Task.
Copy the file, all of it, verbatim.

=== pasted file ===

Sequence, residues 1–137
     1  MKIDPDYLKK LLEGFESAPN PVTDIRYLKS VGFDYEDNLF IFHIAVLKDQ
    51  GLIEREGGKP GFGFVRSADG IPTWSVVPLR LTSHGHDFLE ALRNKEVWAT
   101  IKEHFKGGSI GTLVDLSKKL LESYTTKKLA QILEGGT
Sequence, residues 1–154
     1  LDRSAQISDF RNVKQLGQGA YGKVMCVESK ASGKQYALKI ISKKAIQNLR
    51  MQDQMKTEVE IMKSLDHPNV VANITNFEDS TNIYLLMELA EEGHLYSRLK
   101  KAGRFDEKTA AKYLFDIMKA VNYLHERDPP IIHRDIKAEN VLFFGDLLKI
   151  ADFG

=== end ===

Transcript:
Sequence, residues 1–137
     1  MKIDPDYLKK LLEGFESAPN PVTDIRYLKS VGFDYEDNLF IFHIAVLKDQ
    51  GLIEREGGKP GFGFVRSADG IPTWSVVPLR LTSHGHDFLE ALRNKEVWAT
   101  IKEHFKGGSI GTLVDLSKKL LESYTTKKLA QILEGGT
Sequence, residues 1–154
     1  LDRSAQISDF RNVKQLGQGA YGKVMCVESK ASGKQYALKI ISKKAIQNLR
    51  MQDQMKTEVE IMKSLDHPNV VANITNFEDS TNIYLLMELA EEGHLYSRLK
   101  KAGRFDEKTA AKYLFDIMKA VNYLHERDPP IIHRDIKAEN VLFFGDLLKI
   151  ADFG